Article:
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Reason: This is the part of an argument which aims

to persuade you that the conclusion is true. An

argument must have at least one reason. In simple
notation, a reason is marked with R1, R2 etc. If an
argument does not have reasons, it is known as an
assertion. If you are asked to write a reason from a
source, you should quote it exactly and not use
ellipses as you might miss out an important part. For
example exposure to violent video games can cause
feelings of aggression. Reasons must be consistent
and support the conclusion to be valid.
Conclusion: the MAIN conclusion is often at the end
of the argument. This is the suggestion, idea, belief
or theory that the argument is trying to persuade
you to accept. In simple notation, the main
conclusion is written as C. If you are asked to write
the conclusion from a source, you should quote it
exactly and not use ellipses () as you might miss out
and important part. For example foreign language
lessons are not necessary on the primary school
Counter-argument: This is part of an argument which
disagrees with the main conclusion. They always
have at least one reason, or they are called counter-
assertions. You should look for words like despite
this, however, it has been claimed, contrary to
this, or some people argue. For example Some
people might say that building a new playground will
be a waste of money, as it would cost more than
30,00 0 to build, but in fact there are lots of
children who would get a lot of pleasure from
playing there.
Counter-assertion: This is a statement that goes
against the conclusion of an argument. They are like
counter-arguments but do not have any reasons to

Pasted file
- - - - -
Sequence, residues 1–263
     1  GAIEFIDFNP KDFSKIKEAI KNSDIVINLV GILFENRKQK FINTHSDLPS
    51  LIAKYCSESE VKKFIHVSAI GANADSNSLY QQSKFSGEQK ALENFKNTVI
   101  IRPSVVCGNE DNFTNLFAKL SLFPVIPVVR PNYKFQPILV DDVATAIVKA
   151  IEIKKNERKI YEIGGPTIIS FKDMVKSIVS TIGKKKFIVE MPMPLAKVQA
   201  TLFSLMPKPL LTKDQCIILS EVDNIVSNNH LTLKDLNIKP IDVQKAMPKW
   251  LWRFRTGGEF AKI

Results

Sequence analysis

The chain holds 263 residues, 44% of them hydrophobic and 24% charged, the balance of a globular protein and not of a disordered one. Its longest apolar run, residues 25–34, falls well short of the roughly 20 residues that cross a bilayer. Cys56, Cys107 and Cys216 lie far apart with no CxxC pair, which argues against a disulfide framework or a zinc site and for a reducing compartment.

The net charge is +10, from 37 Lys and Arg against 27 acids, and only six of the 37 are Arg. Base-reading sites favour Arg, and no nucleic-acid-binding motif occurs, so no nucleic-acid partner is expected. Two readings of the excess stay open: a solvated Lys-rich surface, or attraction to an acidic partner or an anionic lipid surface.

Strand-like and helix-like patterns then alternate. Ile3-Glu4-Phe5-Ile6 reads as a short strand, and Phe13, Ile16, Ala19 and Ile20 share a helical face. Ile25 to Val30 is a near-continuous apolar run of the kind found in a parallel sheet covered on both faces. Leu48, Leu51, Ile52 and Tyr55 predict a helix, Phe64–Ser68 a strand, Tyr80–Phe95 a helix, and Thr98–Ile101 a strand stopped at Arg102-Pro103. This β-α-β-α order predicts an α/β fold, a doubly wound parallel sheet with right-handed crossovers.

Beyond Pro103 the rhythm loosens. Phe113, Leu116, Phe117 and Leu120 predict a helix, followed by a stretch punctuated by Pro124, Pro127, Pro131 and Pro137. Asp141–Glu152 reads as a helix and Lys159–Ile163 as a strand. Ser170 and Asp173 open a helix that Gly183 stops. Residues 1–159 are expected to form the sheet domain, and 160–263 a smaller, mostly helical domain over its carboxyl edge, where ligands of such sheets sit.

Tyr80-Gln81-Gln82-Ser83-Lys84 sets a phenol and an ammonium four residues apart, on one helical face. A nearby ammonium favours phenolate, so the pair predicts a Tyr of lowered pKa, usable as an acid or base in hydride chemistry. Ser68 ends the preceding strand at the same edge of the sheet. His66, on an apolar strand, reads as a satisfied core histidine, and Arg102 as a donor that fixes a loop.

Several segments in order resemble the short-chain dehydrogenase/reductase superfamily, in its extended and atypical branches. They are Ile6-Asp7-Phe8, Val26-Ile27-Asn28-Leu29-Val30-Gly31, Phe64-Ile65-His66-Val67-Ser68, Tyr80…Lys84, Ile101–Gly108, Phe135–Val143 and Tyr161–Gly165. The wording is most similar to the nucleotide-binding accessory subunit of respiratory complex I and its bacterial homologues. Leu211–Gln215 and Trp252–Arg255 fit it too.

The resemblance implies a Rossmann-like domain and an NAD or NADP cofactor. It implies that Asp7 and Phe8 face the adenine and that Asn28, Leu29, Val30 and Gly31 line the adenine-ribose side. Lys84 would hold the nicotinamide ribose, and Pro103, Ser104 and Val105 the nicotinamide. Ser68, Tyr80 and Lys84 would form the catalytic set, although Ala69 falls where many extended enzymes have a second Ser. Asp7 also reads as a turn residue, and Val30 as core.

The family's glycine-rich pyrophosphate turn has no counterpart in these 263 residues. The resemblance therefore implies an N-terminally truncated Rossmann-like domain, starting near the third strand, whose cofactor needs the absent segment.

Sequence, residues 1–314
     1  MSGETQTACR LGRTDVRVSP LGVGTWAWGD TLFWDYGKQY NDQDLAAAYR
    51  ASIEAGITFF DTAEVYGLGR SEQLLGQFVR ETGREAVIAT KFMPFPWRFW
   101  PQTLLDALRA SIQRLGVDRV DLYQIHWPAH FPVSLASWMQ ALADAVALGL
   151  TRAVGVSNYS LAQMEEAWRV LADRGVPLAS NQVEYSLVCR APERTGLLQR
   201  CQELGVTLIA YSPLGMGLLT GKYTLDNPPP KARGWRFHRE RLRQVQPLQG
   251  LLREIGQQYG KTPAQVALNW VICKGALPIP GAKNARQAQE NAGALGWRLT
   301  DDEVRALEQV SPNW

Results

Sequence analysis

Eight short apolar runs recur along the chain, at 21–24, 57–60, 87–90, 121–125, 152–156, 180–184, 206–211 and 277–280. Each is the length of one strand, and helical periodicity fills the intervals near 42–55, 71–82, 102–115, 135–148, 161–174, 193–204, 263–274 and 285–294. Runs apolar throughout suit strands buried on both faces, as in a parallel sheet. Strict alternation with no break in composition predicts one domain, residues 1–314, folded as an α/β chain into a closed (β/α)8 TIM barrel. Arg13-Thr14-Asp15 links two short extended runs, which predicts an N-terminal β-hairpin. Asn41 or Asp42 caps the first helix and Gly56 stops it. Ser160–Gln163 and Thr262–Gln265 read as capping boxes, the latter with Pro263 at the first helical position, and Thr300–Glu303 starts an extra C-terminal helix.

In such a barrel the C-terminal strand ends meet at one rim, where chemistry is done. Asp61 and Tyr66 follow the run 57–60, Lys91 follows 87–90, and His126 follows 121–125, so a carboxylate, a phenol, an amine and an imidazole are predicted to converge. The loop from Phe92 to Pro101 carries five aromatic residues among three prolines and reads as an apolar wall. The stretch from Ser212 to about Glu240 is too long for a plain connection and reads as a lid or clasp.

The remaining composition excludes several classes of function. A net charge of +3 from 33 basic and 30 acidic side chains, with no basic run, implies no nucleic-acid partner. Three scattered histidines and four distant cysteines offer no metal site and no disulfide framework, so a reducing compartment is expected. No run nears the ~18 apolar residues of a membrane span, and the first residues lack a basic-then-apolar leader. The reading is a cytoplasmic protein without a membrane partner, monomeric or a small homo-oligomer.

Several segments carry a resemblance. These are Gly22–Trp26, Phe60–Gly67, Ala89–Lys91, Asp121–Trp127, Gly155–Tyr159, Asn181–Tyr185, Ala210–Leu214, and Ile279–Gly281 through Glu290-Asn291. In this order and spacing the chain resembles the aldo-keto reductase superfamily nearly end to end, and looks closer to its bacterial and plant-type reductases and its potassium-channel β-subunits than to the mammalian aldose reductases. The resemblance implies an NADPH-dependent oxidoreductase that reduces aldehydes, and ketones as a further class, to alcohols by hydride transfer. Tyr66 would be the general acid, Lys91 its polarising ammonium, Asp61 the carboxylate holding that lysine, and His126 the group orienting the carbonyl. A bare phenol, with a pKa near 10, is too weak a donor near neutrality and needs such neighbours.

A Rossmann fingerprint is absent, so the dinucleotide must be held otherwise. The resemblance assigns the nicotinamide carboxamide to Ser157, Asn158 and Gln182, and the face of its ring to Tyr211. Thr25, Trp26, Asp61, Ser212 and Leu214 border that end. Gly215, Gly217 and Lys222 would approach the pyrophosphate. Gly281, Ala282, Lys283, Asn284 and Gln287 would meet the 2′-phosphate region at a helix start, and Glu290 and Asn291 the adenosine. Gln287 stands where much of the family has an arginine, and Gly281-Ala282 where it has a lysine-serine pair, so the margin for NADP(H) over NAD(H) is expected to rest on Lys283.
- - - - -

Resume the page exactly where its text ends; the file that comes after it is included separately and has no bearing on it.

support them. For example Some people might say
that building a new playground will be a waste of
money, but in fact there are lots of children who
would get a lot of pleasure from playing there.
Evidence (as statistics, research and numerical
information): Evidence is used to support reasons to
make them sound more convincing. Evidence can
come from research: personal observations,
statements from a source or witness, data from a
survey or estimates. It can also come from statistics
displayed as numbers, percentages, graphs and
charts. For example, studies show that 25% of boys
and 33% of girls in Britain in 2011 were overweight.
In common notation, evidence can be written as
Example: Examples are descriptions of a real
situation that illustrates a reason. They usually only
describe one situation, so they are too specific to
support a conclusion. Strong arguments use them to
make reasons more convincing but not as reasons
themselves. For example, My cousin Jane was eight
stone when she was nine years old and couldnt play
with her friends because she got tired too quickly.
In common notation, examples can be written as
Argument indicators: Reason indicators are what you
should look out for if you are asked to spot a reason,
although they do not always point directly to one.
For example: because, since, as, due to and for.
Conclusion indicators are what you should look for if
you are asked to find a conclusion. For example:
therefore, thus, so, consequently, should and which
is why.
Hypothetical reasoning: This is a claim saying that if
one thing happens, then something else will happen
as a result of it. You can often find it in the form
ifthen. For example, Mr Hamilton has banned
shorts, so if I wear mine, they will be confiscated.
Hypothetical reasoning can be used as a reason or a
conclusion, and you need to be able to explain why
something is hypothetical. For example, this is
hypothetical reasoning because the conclusion refers
to a consequence (quote) that depends upon the
conditional event (quote) in order to happen.

Assumptions are unstated reasons that are needed
for the argument to work and for the reasons and
conclusion to be connected as an argument. To find
an assumption, you should first find the arguments
reasons and conclusion, then see if there are any
steps missing that are needed for the argument to
make sense. When answering questions on
assumptions, you should make sure you are not too
strong, to wear or unrealistic in your word choice.
Evidence and examples should be evaluated using
the following points:
-The size of any survey sample quotes
-The representative nature of the sample quoted
-How and when the evidence was collected
-The potential ambiguity of findings
-Alternative interpretations of statistics
-Whether the evidence is first hand